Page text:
In the previous post, I concluded with a rough script that measures mean acknowledgement latency averaged across remote host. Acknowledgement latency or round-trip time (RTT) is the time spent waiting between when a TCP segment is sent and an acknowledgement for that data is received. Acknowledgment round-trip time is an important measure as it relates how much data a TCP connection can send - if data is acknowledged quickly, TCP's sliding window can progress. As noted here, for the highest possible throughput, it is important that the transmitter is not forced to stop sending by the sliding window protocol earlier than one round-trip delay time (RTT) - in other words, the window should not fill up before the earliest data is acknowledged, otherwise the sender cannot send any more data until that acknowledgement is received. A number of factors may contribute to these kinds of delays - small advertised windows, slow protocol processing etc - but the important point is we can now use DTrace to measure both RTT and examine how the sliding window evolves over time. Here's a better version of the previous script, breaking down RTT by host and port.

#!/usr/sbin/dtrace -s#pragma D option quiettcp:::send{ snxt[args[1]->cs_cid, args[3]->tcps_snxt] = timestamp; bytesrttttmp[args[1]->cs_cid, args[3]->tcps_snxt] = args[2]->ip_plength - args[4]->tcp_offset;}tcp:::receive/ snxt[args[1]->cs_cid, args[4]->tcp_ack] /{ @bytesrtt[args[2]->ip_saddr, args[4]->tcp_sport] = sum(bytesrttttmp[args[1]->cs_cid, args[4]->tcp_ack]); @meanrtt[args[2]->ip_saddr, args[4]->tcp_sport] = avg(timestamp - snxt[args[1]->cs_cid, args[4]->tcp_ack]); @stddevrtt[args[2]->ip_saddr, args[4]->tcp_sport] = stddev(timestamp - snxt[args[1]->cs_cid, args[4]->tcp_ack]); @countrtt[args[2]->ip_saddr, args[4]->tcp_sport] = count(); snxt[args[1]->cs_cid, args[4]->tcp_ack] = 0; bytesrttttmp[args[1]->cs_cid, args[4]->tcp_ack] = 0;}END{ printf("%-20s %-8s %-15s %-15s %-10s %-7s\n", "Remote host", "Port", "TCP Avg RTT(ns)", "StdDev", "NumBytes", "NumSegs"); printa("%-20s %-8d %@-15d %@-15d %@-10d %@-7d\n", @meanrtt, @stddevrtt, @bytesrtt, @countrtt);}And here's some sample output:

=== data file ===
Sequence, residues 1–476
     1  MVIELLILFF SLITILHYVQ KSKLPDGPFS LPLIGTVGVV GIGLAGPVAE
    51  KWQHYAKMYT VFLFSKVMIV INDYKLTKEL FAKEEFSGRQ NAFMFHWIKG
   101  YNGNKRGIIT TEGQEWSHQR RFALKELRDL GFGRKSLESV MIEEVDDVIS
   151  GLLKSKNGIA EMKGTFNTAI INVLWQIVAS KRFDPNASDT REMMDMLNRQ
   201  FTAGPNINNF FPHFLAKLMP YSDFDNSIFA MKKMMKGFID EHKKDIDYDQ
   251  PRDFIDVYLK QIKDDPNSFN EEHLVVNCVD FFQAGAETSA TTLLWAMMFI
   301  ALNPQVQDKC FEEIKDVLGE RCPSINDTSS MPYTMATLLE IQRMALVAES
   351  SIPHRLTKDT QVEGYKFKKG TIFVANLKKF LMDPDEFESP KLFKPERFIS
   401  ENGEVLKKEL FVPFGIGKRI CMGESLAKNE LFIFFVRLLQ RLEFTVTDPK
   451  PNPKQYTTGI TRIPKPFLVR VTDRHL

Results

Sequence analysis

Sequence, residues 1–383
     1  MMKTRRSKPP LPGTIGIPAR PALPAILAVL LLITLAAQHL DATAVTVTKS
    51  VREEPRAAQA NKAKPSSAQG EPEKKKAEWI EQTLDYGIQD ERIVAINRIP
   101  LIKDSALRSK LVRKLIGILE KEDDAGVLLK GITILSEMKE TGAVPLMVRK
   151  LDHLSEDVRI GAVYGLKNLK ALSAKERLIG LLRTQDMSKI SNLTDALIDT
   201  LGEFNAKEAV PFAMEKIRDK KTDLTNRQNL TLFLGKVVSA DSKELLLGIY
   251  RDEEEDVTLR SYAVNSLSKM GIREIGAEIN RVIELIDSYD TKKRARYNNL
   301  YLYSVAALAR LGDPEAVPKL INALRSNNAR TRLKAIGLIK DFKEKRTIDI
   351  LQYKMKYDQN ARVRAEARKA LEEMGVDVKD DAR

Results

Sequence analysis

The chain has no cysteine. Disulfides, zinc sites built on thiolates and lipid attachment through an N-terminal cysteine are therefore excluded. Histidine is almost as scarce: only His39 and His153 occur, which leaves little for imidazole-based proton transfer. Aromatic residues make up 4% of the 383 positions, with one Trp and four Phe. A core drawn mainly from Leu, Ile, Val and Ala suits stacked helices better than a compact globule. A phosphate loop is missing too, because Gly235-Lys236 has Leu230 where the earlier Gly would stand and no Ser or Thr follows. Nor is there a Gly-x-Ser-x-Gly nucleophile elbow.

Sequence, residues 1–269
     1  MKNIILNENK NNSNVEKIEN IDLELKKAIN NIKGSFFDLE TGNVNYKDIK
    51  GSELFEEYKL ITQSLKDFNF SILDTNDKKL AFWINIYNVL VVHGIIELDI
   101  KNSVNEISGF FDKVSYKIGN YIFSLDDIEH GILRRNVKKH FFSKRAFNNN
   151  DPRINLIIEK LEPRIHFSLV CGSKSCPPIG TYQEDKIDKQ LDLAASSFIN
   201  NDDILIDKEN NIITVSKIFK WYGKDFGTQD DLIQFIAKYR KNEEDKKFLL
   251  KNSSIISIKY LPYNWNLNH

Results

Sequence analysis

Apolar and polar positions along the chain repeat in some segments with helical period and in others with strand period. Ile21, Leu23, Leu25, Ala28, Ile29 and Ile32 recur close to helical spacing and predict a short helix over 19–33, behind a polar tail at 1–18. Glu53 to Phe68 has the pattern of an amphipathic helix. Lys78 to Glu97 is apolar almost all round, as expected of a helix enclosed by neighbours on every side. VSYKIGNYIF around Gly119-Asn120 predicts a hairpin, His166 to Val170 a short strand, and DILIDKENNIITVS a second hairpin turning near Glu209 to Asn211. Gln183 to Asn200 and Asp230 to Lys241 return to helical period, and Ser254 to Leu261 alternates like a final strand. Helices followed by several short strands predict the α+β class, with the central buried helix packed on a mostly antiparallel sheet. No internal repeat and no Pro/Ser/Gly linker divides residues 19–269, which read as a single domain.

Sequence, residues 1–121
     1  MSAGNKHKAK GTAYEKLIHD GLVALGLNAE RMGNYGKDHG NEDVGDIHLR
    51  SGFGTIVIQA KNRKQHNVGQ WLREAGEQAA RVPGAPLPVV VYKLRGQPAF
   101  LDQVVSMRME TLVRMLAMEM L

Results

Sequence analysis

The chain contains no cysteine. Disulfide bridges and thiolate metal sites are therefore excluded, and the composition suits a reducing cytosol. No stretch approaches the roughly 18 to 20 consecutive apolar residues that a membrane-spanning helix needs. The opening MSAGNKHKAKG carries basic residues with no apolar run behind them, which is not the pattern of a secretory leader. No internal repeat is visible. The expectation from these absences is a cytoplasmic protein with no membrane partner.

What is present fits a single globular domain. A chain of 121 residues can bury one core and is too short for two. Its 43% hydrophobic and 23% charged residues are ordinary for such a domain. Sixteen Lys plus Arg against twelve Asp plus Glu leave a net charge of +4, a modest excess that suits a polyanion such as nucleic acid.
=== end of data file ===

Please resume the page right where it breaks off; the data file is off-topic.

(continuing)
# dtrace -s tcp_rtt2.d^CRemote host Port TCP Avg RTT(ns) StdDev NumBytes NumSegs127.0.0.1 9010 109074 79551 0 15 127.0.0.1 59571 204945 0 0 1 127.0.0.1 35748 205471 0 0 1 127.0.0.1 39697 206126 0 0 1 127.0.0.1 58889 207170 0 0 1 127.0.0.1 57647 208967 0 0 1 127.0.0.1 53502 215569 0 0 1 127.0.0.1 41038 221163 0 0 1 127.0.0.1 36777 226006 0 0 1 ::1 9010 233492 186640 0 15 127.0.0.1 41241 256225 0 0 1 127.0.0.1 57388 297646 0 0 1 127.0.0.1 55260 424590 0 0 1 127.0.0.1 60660 445139 0 0 1 127.0.0.1 56460 620226 0 0 1 127.0.0.1 55449 670529 0 0 1 127.0.0.1 56877 772734 0 0 1 ::1 62343 1532445 0 0 1 ::1 51756 1538747 0 0 1 ::1 41825 1627673 0 0 1 ::1 56580 1965449 0 0 1 ::1 65061 2412497 0 0 1 ::1 50031 2726626 0 0 1 159.134.196.178 80 2788676 1773030 0 6 ::1 43043 3465254 0 0 1 ::1 57685 4454573 0 0 1 ::1 55854 4490483 0 0 1 92.123.196.20 80 19855492 0 0 1 ::1 50972 20481704 0 0 1 ::1 48172 53565332 0 0 1 66.235.139.54 80 81219406 80478253 0 2 ::1 37341 95086544 0 0 1 ::1 32770 1512858144 0 0 1 ::1 49710 4197402456 0 0 1 Next time, we'll look at TCP's sliding window behaviour.



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